Your Definitive Bone Broth Guide: Health Benefits + Recipes
Everyone is talking about bone broth these days, and even though it’s trendy now, bone broth is an ancient superfood, used in traditional societies around the world for generations as a potent and nourishing food medicine. It is also one of the foods that I recommend to my patients as a tool to aid in healing from gut problems such as leaky gut syndrome, candida overgrowth, and SIBO (small intestinal bacterial overgrowth).
Typically, bone broth is used in hot soups and stews, but this can get boring if you’re interested in having it a few times each week. Time to change it up! Let’s get adventurous with your brothing and have some fun with this microbiome-healing potion. You can check out my staple bone broth recipe or purchase bone broth from Bare Bones or Kettle & Fire.
Make Your Life a Cleanse
SUBSCRIBER-ONLY GUIDES FOR GUT HEALTH, VIBRANT ENERGY, HEALTHY FOOD & CLEAN ALCOHOL
Get FREE access to these + giveaways, recipes, & discount codes in personal emails from Dr. Will Cole.
9 Next-Level Ways To Use Bone Broth Beyond Soup
1. Add to smoothies
Sounds strange, right? Don’t knock it until you’ve tried it. The natural sweetness of fruits used in the smoothie will hide the savory flavor of bone broth. Instead of adding liquids like juice or almond milk into your morning smoothie, bring in the broth! You also can freeze bone broth into ice cubes and add them into your favorite superfood smoothie recipe.
2. Dilute juices
This is a great way to cut down on the fruit sugars of juices! Add one part bone broth and three parts fresh-pressed juice to get a refreshing gut-healing beverage. You can also freeze this and make bone broth and juice ice pops!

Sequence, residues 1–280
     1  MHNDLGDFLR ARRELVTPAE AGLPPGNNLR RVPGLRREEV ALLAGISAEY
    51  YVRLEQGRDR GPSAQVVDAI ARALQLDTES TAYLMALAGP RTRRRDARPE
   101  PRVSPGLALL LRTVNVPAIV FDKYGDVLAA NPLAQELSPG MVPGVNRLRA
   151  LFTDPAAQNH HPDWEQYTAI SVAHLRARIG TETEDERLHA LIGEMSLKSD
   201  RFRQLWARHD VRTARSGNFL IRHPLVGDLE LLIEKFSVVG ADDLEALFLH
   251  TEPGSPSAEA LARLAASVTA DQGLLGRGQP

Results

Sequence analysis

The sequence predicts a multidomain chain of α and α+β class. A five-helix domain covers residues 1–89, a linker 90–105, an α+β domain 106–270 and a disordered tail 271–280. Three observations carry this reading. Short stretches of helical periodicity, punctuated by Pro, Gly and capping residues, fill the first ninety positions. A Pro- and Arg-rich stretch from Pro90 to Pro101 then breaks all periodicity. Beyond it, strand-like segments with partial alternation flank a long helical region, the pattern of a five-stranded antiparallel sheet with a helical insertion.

3. Chill out with gazpacho
On warmer days, or after a hard workout, the last thing you are probably in the mood for is warm bone broth stews. Gazpachos or cold soups, using a little bit of bone broth as part of the base, is a great idea for a refreshing but nourishing meal.
4. Bulk up condiments
5. Reheat leftovers
Instead of using a microwave, add a little warm broth to yesterday’s leftovers and heat it over the stove to steam your meal back to life.
6. Elevate your stir fry
Add some bone broth to the pan when you are sauteing vegetables to infuse your stir fry with some gut-healing goodness.
7. Make gravy
Add a little arrowroot starch to some hot bone broth in a pan for some gluten and grain-free gravy.
8. Power up scrambled eggs
Want some fluffy, scrambled eggs in the morning? Add a small amount of bone broth (no more than a teaspoon per egg) in place of milk or butter and scramble as usual for an even more nutrient-dense breakfast.
9. Double the power of healing tonics
Add an inflammation-busting ritual to your day by whisking turmeric powder into hot bone bone broth and sipping it from your favorite mug on a cold day.